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Salaries Up, But Gender Gap Widens
The Institute of Management Accountants' 2007 salary survey uncovered both good news and bad news for accountants. The good news: Average salary for IMA members now tops $100,000, having risen 6.9 percent last year. The bad news: The gap increased between men's and women's pay.
While the average salary for IMA's female members was $85,926, male IMA members earned an average of $109,171, the survey found. Taken as a whole, members' average salary was $101,805.
About three-quarters of the members received additional compensation--including bonuses and profit-sharing--of $25,413. Average additional compensation for men was $30,010. For women, it was $15,150.
The average total compensation for the over 1,500 IMA members responding to the survey was $120,972, an increase of 6.2 percent over the 2006 amount.
The average CMA member is 46 years old and has 19 years' experience in the field. Virtually all (99 percent) have a bachelor's degree, and 50 percent went on to earn an advanced degree. About half the members, 48 percent, hold a CMA, 36 percent are Certified Public Accountants (CPAs) and 9 percent have earned the IMA's Certified Financial Manager (CFM) designation.
Certification Pays Dividends
IMA President and CEO Jeff Thomson says the most important finding of the study is that members who hold the Certified Management Accountant (CMA) designation earn on average 24.5 percent more than those who don't have a CMA. Those with CPAs out-earn uncertified accountants by 28.5 percent.
"Members with both the CMA and CPA make 32 percent more than those with no certification," he adds. "Include the CMA as part of your suite of certifications, and you will increase your earnings potential as well as your career prospects and growth."
Gender Gap Starts Early
While certifications and advanced degrees lifted the compensation for both genders, men earned more than women at all levels of accounting. The earnings gap appears immediately after graduation and widens as women age. Between the ages of 19-29, female accountants' total compensation is 88 percent of men's. Between ages 30-39, that figure falls to 80 percent. The wage gap continues to widen for each successive age bracket, the study found.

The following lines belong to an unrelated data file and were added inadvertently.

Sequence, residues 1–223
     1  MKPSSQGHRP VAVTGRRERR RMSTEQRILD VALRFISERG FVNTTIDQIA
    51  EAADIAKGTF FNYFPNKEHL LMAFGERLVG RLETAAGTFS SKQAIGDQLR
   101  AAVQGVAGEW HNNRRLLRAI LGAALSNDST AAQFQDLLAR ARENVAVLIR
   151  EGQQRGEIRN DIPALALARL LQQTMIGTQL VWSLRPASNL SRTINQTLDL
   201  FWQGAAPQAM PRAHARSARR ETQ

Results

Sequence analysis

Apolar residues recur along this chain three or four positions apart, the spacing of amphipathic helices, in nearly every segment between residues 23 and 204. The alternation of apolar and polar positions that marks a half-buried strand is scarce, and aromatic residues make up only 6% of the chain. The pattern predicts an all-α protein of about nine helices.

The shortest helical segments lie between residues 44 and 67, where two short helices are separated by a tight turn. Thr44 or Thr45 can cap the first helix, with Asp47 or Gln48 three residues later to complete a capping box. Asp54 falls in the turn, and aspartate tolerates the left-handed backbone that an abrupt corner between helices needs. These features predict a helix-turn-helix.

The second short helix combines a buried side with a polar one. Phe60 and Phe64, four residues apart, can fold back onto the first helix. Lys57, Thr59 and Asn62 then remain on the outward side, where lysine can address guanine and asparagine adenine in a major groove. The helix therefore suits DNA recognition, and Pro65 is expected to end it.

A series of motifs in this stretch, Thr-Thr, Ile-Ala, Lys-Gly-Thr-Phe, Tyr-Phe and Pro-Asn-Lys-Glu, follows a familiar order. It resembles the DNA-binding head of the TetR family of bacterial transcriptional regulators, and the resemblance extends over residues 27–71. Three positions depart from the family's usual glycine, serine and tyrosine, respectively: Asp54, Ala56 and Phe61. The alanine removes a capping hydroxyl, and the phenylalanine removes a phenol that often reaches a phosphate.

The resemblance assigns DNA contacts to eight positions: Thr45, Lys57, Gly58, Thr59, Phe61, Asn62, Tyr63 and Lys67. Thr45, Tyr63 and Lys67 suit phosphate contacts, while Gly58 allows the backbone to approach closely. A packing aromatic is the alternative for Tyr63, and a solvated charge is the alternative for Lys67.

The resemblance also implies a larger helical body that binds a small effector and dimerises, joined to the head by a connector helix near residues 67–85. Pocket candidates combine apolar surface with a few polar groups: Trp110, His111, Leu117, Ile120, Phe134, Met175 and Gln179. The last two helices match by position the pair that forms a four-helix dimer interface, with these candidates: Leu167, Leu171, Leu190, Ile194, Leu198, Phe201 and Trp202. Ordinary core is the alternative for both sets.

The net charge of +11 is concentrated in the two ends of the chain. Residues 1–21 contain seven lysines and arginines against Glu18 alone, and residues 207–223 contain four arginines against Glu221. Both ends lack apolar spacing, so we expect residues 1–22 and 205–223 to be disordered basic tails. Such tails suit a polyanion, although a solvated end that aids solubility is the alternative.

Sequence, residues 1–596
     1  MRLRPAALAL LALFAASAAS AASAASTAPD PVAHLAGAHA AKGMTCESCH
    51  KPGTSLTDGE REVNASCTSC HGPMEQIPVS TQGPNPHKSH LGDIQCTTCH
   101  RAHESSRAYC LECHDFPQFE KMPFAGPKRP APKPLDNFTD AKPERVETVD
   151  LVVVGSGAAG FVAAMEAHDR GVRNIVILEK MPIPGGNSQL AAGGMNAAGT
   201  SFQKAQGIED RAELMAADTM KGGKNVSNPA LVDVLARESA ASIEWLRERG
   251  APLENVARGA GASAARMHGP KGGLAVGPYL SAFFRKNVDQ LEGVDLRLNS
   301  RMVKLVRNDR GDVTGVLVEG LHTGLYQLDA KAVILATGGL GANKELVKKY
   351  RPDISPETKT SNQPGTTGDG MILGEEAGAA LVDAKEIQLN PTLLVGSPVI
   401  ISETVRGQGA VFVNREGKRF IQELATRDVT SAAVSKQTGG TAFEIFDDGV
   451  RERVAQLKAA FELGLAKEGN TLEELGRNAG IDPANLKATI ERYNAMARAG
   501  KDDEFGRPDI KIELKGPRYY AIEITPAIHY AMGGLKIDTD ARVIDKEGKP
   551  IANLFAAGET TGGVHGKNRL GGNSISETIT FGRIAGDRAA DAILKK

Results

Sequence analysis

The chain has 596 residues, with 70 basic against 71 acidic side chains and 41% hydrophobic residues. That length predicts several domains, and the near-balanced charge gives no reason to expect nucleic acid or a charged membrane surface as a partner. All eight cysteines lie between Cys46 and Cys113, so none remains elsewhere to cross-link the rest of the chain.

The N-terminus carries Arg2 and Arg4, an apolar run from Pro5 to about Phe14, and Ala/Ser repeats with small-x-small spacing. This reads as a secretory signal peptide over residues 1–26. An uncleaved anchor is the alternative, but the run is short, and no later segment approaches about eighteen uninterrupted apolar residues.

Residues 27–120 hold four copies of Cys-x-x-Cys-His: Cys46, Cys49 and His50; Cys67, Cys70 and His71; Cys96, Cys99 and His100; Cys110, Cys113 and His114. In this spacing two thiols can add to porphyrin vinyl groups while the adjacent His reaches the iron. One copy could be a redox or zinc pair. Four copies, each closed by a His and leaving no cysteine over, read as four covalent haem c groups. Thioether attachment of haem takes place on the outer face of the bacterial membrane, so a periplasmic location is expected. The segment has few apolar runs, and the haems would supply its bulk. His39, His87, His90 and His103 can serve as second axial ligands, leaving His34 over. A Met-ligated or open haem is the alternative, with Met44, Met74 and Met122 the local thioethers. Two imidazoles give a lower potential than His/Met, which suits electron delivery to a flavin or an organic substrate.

With women accounting for half or more of all accounting graduates, will IMA be doing anything to support a closing of the salary gap?
"We're not going to comment on the glass ceiling and the real or perceived inequities," Thomson says. "We can make sure our association is open and inclusive and appealing to not only the old demographic or the new demographic."
What other variables that might influence accounting compensation? The women responding to the 2007 tended to be younger than the men (average age 47 vs. 44), were less likely to have a certification (60 percent vs. 72 percent) or an advanced degree (43 percent vs. 53 percent) and had not been in the field as long as men (17 years vs. 19 years).
"All of those will contribute to women earning less," notes study author and IMA member Dr. Karl Reichardt, CMA, associate dean and professor of accounting at Valparaiso University in Chicago.
Who Made the Most?
Not surprisingly, the highest total salary level was reported by members with top management positions. Top management (male) with a bachelor's degree earned $135,574, while women earned $96,256. Top management men with a master's degree earned $134,842, while their female counterparts earned $130,845.
Senior managers earned $110,671 (men) and $93,164 (women) with a bachelor's and $125,064 (men) and $95,592 (women) with a master's degree. Middle managers earned an average of $96,133 (men) and $81,103 (women) with a bachelor's degree and $107,082 (men) and $90,708 (women) with a master's degree.
Entry-level management accountants earned an average of $69,006 (men) and $68,827 (women) with a bachelor's degree and $78,138 (men) and $69,402 (women) with a master's degree.
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